The Bookseller of Kabul by Åsne Seierstad


Another book in the ‘can’t remember where or when I got this’ category. Sometimes I remember to write this information down on a business card and put it in the book. This biography is nicely written, we get some good insights into what it’s like to live in Kabul, and to be selling something that is often considered contraband. We also get to see what life can be like in a home in Kabul.

I loved this book. I very much enjoyed Sultan Khan’s entrepreneurial skills and thinking. He opened several bookshops and left different family members in charge. He only trusted his sons, it’s a good thing he had several so each of them could be put in charge of a shop. He went into the publishing business, this included having postcards printed across the border in Pakistan. Printing was cheap in Pakistan and he could sell them for a high price in Kabul. He took whatever photos he wanted, even those given to him, and had them made into postcards. They were bought by soldiers from the International Peacekeeping force. To people in Kabul, these soldiers would look rich, well able to afford expensive postcards.

Mansur is only seventeen, yet he has been left in charge of one of the bookshops. He longs for female company but the very structured society he lives in makes things difficult. He’s not even allowed to talk to a female outside his family, to do so could cause ructions. His friend tries to talk him into having sex with a young girl, paying her money. This causes him much distress and eventually he feels he has to go to Ali’s tomb to pray and be forgiven. We’re given a history lesson to explain Ali, why he’s important and where his tomb is, it’s interesting.

There are history lessons and lessons about culture throughout this book. It would be hard to write a book about a man in Kabul without learning so much about the culture and the wars.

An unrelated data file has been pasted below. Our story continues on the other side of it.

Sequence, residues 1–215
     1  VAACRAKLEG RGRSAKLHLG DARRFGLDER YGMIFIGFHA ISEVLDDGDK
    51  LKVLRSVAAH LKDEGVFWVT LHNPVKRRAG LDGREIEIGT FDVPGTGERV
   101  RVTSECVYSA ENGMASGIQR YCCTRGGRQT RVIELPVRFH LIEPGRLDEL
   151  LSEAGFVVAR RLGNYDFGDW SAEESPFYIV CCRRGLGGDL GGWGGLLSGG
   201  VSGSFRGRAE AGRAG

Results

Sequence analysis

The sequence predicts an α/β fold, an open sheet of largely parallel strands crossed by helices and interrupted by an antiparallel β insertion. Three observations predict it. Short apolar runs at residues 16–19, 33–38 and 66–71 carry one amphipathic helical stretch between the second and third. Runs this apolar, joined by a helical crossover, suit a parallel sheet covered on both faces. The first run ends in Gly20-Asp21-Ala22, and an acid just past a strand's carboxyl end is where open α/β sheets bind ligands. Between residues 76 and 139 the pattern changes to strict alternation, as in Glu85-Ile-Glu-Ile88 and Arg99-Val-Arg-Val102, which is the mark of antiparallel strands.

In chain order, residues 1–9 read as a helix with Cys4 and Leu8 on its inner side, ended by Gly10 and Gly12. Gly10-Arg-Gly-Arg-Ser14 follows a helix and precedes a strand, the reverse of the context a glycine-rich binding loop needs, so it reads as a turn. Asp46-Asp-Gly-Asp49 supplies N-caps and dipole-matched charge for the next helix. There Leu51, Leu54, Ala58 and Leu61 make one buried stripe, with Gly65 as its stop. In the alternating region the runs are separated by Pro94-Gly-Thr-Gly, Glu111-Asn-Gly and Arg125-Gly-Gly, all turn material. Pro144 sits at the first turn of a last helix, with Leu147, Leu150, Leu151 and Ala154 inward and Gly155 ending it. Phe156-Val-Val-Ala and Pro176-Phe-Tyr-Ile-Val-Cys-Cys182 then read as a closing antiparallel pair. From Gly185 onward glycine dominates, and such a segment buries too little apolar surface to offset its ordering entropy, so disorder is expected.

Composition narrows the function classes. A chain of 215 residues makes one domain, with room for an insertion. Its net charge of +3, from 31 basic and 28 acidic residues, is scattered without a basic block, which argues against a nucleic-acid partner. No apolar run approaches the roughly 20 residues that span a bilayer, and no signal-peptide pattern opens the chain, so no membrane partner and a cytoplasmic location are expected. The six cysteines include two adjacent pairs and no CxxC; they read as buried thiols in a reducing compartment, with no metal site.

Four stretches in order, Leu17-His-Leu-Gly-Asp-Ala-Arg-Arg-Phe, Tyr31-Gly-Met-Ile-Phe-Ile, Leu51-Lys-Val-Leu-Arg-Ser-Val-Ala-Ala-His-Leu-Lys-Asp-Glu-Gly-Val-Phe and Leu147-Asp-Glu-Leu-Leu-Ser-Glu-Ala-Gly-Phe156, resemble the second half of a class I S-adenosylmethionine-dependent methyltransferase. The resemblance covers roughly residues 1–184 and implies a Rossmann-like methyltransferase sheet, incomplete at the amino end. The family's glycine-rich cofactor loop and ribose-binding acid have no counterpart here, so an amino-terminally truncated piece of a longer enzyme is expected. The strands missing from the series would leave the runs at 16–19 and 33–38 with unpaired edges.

While Sultan is travelling to Lahore to get some school books published we are told how the boys learn at school during the Mujahedeen and the Taliban. We’re given a quote from a school book as illustration.

This is how first-year schoolchildren learn the alphabet: ‘J is for Jihad, our aim in life, I is for Israel, our enemy, K is for Kalishnikov, we will overcome, M is for Mujahedeen, our heroes, T is for Taliban…’

It’s a bit of a shock to see this sort of lesson in print. But now that both are gone, the schools are going to reopen and Sultan wants to have school books printed. Books to take the country back to the time of Zahir Shah, before he was deposed in 1973. He has old books and he wants to reprint them, they include myths and legends, maths minus references to war and history books with only a bit of innocent nationalism. As Sultan is one of the largest publishers in Kabul, and on this journey he’s considering not asking for too much money for the books as he’s looking towards a very lucrative future.

I loved looking inside Sultan’s family. We see them as only an outsider can, someone who has been there long enough to be almost forgotten. The family behaves normally and Seierstad observes carefully. We are brought into the middle of some bargaining for a marriage, then we see the actual marriage. We see how hard the female daughters have to work and how they are devalued by their male relatives, and sometimes their female relatives.

I cringed at several points. The one where books are set alight because they don’t fit in with the people in power at the time. We’re talking about the days when Communism warred with the Mujahedeen. Many publications were declared contraband, Sultan sold them anyway…under the counter. Someone informed on him and he was arrested. He spent some time in jail, managing to read books on Persian poetry. Back in his shop he continued to sell contraband with more caution.

This book is intense, if you’re not able to read about wars or hardship then this book is not for you. While writing these words tonight I take note that the author has written more books. If you’d like to take a peek at her books you can do so here. Thank you to those people who have clicked on links, it makes me happy.

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